Air travel is often deemed too expensive and unaffordable for many South Africans. And you’d be right to make that assumption. For example, a single flight for Tuesday, April 27, from Durban to Johannesburg on FlySafair, costs as much as R3 271.
However, many factors are considered when determining the cost of a flight, including the date and time the passenger books.
FlySafair chief marketing officer Kirby Gordon explained this in greater detail. He said that while flights seemed expensive, the airlines ran at a loss most of the time.
Gordon said when a passenger booked a flight ticket, the airline would have to pay a portion to aviation authorities. The airline would also need to pay VAT. He shared an example.
For a flight that costs R599, FlySafair has to pay aviation authorities R133. VAT is deducted from the new figure of R466. The airline is left with around R405. He said to operate a flight from destination A to destination B costs approximately R130 000.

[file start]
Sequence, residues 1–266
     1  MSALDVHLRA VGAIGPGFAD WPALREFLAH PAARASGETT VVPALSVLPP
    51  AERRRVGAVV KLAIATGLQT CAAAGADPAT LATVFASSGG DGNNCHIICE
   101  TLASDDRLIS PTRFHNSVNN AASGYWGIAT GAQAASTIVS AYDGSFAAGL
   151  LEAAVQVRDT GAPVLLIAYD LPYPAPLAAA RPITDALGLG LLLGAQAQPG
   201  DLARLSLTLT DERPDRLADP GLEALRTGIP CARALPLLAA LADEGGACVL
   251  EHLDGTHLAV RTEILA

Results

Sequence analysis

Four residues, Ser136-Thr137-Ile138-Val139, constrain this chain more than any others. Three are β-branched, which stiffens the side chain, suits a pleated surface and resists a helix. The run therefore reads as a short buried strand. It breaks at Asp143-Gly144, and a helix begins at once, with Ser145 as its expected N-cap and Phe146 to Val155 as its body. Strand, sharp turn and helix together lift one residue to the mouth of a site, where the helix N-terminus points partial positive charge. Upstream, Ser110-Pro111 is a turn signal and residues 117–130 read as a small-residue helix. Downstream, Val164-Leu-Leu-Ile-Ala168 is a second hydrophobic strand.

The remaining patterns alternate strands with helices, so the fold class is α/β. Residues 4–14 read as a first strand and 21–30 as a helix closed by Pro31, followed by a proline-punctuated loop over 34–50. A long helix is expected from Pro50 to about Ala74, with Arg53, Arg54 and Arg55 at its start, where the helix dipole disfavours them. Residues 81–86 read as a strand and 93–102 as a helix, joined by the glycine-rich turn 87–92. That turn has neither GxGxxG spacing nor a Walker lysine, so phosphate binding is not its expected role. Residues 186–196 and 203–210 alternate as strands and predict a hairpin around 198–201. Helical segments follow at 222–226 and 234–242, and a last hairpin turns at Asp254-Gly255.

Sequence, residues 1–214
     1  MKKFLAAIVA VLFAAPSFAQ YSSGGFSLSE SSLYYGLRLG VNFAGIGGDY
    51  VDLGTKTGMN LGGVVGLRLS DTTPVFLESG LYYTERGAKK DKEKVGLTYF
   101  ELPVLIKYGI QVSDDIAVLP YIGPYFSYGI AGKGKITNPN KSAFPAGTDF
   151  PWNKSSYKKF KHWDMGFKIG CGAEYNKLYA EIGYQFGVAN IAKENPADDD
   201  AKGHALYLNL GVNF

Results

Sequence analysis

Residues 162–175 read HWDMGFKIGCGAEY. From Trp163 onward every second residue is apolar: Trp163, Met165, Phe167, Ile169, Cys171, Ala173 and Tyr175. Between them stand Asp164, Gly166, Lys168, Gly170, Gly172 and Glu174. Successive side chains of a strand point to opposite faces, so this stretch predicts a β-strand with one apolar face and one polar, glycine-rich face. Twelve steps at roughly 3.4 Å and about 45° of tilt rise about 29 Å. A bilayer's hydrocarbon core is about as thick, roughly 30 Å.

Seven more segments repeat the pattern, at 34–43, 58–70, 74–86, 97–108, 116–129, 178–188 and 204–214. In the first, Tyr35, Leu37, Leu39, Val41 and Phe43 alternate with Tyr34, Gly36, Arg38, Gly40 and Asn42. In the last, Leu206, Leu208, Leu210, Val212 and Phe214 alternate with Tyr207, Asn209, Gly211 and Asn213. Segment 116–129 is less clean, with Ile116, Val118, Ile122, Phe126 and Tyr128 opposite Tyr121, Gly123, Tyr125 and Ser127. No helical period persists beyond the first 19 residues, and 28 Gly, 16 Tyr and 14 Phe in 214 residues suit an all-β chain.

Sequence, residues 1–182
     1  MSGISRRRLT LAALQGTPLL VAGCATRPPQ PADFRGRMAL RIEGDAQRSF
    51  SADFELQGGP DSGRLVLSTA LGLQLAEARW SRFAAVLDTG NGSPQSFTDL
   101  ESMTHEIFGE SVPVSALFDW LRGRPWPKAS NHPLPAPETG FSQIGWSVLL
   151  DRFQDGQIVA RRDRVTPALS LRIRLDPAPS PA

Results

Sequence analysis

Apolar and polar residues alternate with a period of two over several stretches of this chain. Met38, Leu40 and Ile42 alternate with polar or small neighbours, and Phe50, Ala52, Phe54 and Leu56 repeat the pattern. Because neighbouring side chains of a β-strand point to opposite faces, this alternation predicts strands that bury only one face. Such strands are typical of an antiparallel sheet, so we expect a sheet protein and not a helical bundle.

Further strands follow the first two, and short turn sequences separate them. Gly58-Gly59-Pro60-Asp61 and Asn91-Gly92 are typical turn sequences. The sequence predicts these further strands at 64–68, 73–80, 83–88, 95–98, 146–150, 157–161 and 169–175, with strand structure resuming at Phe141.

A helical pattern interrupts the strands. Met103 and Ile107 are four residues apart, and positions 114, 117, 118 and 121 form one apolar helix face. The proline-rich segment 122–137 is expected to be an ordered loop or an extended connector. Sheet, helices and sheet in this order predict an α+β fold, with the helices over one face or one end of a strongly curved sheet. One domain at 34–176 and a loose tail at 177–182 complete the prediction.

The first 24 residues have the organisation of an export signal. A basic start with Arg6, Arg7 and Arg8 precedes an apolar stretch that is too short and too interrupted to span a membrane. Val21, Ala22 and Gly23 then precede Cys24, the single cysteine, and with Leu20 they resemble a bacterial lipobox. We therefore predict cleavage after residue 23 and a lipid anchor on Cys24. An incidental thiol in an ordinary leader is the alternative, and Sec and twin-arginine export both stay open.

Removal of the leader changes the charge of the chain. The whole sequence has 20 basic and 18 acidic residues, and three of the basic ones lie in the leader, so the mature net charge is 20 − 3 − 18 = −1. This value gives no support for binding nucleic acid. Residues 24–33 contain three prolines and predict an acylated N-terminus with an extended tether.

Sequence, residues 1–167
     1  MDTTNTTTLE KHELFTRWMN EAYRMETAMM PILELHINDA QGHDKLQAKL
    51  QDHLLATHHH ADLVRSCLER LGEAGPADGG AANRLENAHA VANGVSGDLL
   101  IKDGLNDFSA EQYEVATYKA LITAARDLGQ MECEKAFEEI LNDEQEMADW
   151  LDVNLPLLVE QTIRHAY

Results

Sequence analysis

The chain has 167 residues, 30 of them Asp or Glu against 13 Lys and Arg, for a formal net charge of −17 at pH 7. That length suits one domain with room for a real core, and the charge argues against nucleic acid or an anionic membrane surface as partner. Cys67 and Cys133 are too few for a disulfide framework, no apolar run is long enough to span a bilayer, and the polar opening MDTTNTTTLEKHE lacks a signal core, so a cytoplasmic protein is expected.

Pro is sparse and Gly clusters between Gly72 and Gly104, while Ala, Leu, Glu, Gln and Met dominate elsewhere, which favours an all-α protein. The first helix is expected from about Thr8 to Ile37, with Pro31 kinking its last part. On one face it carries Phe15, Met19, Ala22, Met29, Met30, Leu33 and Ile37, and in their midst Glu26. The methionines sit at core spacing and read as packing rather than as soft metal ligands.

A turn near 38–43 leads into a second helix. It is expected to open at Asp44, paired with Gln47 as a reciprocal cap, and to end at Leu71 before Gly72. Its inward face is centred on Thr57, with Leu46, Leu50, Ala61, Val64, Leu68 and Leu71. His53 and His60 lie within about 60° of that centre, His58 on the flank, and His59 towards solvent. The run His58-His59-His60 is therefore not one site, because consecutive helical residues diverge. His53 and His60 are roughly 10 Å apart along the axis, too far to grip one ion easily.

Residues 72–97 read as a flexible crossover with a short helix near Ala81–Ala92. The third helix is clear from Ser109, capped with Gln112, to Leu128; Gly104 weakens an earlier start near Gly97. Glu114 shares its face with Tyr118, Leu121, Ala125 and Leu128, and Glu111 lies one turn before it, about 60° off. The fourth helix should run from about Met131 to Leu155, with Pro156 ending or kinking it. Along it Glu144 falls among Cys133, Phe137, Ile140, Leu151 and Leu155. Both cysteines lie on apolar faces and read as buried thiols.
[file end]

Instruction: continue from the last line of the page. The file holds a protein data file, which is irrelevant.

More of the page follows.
If the airline operated at a maximum capacity of 165 seats sold, they would make only R66 825, which meant that they would run at a loss of R63 175.
“Pricing is quite complex and not really understood that well. The airline industry is still bleeding money. When an airline sells a flight, it’s traded on a market. What that means is that the supply and demand determine the pricing.
“For example, if the demand is low and supply is plentiful, then the price is really low. It will also be low if the trip is planned in advance. However, if they are booking closer to peak travel times, then the demand skyrockets. During that period, you get a high demand and high yield.
“While flights may seem expensive, the airline is essentially running at a loss. However, on some flights, airlines will make a profit due to the demand,” said Gordon.
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